We are so proud of everything that has happened this weekend. The concert at the Brighton Early Music Festival was intense and uplifting, and we have been overwhelmed by the immediate generosity of our friends, raising over £1000 in the first forty-eight hours of our crowdfunding campaign. Keep an eye on the updates on the campaign website, http://www.crowdfunder.co.uk/lucrezia-borgias-daughter – we will be post news there as well. We’ve joined Facebook and Twitter, too!
Musica Secreta has joined the crowdfunding generation with an appeal for our new CD of the materna lingua motets. We have until December 19 to raise £4000 – or hopefully a lot more – towards the project. Very exciting, and very scary at the same time.
So, get your pledging hats on, and join our circle of supporters! And thank you!
So, today, in order to help me deal with the excitement of tomorrow, I’m keeping busy finalising our crowdfunding page for a new CD of the materna lingua motets, and making a video to publicise the campaign. And counting habits. More soon!
In some sixteenth-century convents – especially after the Council of Trent – the punishment for playing and singing polyphony was the ‘removal of the veil’. This entailed a loss of privileges, and a loss of voice in convent affairs, sometimes for as long as two years. You’d have thought that we had all been very badly behaved, since we seem to have lost our voice for quite some time.
But really, we’ve just had a project under wraps – oh, and Laurie had to finish the draft of her book.
But over the summer of 2015, things have been moving quickly. We were awarded some funds from Arts Council England for some intensive rehearsal, concentrating on the mysterious and extraordinary motets in the 1543 Motteta…materna lingua vocata. And now we are ready to bring them into public performance.
Next Saturday we will be having an unveiling of a different sort, as we introduce our new programme, Lucrezia Borgia’s Daughter, at the Brighton Early Music Festival. It will be an evening of music by the established masters of the Ferrarese ducal chapel, and by the anonymous composer of the materna lingua motets, who we believe is none other than Suor Leonora d’Este (1515-1575), the only daughter of Lucrezia Borgia and Duke Alfonso I d’Este. The concert also marks the five hundredth anniversary of her birth.
Are we excited? I think we are….
Yesterday the winners of the Engage Competition (run by the National Coordinating Centre for Public Engagement) were announced at an awards ceremony at the Natural History Museum. Laurie won the Individually-led Project category with Celestial Sirens! We are so very proud of, and grateful to, every one of the Sirens, past and present. The award is a wonderful recognition of the investment that the choir has made in working together with us. There is still a great deal of work to do, and music to be sung, and we are all eager to get started on new recording projects this summer.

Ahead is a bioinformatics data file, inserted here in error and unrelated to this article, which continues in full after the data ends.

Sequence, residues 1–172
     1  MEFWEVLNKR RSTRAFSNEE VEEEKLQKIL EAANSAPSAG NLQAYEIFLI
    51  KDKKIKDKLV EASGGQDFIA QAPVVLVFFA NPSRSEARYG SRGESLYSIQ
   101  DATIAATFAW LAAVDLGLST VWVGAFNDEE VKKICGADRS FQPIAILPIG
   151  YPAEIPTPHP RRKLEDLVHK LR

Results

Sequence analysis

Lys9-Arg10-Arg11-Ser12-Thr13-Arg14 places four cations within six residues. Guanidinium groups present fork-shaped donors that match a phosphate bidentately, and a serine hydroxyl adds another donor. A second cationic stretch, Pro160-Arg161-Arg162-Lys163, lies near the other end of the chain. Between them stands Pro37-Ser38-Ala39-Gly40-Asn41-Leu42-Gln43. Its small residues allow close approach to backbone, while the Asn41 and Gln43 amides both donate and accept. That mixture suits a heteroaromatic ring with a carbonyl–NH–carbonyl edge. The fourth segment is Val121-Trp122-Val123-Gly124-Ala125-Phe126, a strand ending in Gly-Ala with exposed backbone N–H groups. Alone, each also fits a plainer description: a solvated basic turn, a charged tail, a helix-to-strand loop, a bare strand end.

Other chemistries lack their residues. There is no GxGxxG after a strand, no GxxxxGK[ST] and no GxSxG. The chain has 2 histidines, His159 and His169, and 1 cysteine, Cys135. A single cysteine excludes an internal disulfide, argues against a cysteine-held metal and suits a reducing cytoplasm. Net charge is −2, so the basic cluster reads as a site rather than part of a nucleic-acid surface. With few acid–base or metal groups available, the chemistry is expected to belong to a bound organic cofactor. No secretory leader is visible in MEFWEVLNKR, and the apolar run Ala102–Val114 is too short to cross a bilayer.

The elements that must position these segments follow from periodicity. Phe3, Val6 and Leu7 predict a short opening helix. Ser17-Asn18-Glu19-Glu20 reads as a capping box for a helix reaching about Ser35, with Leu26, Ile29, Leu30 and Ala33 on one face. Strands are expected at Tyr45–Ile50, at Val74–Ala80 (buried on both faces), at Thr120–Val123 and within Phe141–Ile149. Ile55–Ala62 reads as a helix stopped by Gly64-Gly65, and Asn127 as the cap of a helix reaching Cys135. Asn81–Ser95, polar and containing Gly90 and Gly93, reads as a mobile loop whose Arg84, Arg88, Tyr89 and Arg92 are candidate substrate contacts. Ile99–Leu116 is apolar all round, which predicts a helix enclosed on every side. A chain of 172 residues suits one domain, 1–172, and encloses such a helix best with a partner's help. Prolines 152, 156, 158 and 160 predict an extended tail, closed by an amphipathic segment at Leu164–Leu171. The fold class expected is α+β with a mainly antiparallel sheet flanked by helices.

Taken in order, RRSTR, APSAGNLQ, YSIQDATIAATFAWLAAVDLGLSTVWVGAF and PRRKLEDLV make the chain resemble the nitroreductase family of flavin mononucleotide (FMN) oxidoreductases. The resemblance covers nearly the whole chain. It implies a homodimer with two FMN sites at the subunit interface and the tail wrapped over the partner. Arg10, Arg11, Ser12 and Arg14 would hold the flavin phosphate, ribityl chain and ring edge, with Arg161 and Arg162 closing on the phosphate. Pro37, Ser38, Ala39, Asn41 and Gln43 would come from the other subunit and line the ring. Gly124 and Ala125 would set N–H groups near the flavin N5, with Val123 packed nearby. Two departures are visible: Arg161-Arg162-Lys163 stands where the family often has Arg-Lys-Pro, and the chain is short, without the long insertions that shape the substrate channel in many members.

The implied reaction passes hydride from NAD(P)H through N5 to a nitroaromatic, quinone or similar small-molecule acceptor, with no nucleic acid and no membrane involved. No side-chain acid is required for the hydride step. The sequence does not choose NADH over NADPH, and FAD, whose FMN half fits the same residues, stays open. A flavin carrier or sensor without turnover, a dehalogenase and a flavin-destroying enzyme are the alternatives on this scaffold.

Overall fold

The judges said, “Deeply embedded in on-going cycles of research, the project brought the research alive for all the participants – whether other researchers, festival goers, performers, authors, readers, or music lovers.”
This week have been full of good news for Deborah and Laurie. We first learned that Brighton Early Music Festival had received its Arts Council grant for 2014, which is a huge achievement for Deborah and the rest of the BREMF team. Then, Laurie was notified that Celestial Sirens has helped her to the final of the Engage Competition 2014, which recognises national excellence in public engagement with research. Saying we’re excited about this is an understatement! We are so proud of all our colleagues, and the hard work is paying off now.
Deborah is running another fabulous course at the convent house, Casa Convento, in Triora – The Music of William Byrd, 6-14 September. Sopranos, tenors, and basses still needed (sorry, all the alto places are filled already)! apply online via the link. Hurry, places are going fast!
Celestial Sirens brought another first to St Michael’s Southampton last night with a performance of Cipriano de Rore’s Christmas Vespers – a work that has not been heard in modern times. But, given the news of the death of Nelson Mandela, the choir wished to mark his passing with an appropriate tribute – so we began the concert with the hymn N’kosi Sikelel’ iAfrika. There was a lovely stillness in the church, as if the bustle and busyness of Christmas was put on hold for those few moments – we were all grateful!
We have a new web page! And with it, a new blog. We’re hoping this will make it much easier to update our friends with news of concerts, workshops, talks, and projects.
July has already been a busy month for our directors: Deborah has been teaching at the Tallis Scholar Summer School at Uppingham, and will soon be off to Seattle for the Summer School there. Laurie has been in Certaldo, near Florence, giving a paper on Cipriano de Rore’s madrigals for the theatre, at the Conference for Medieval and Renaissance Music, and will soon be back at the convent of the Poor Clares at Crossbush for some peace and quiet in which to write.
Lots of activity for the singers, too: Before Deborah disappears to Seattle, Musica Secreta will have an exploration day, singing through some of the anonymous convent motets from Musica quinque vocum motteta materna lingua vocata (1543) – hopefully as the first step to recording these astonishing pieces. Celestial Sirens gave a short concert at St Michael’s, Bugle Street, Southampton, on 9 July as the opening event for the Knowledge Exchange and Arts and Humanities Research Conference. It was unbearably hot, but the Sirens took it in their stride.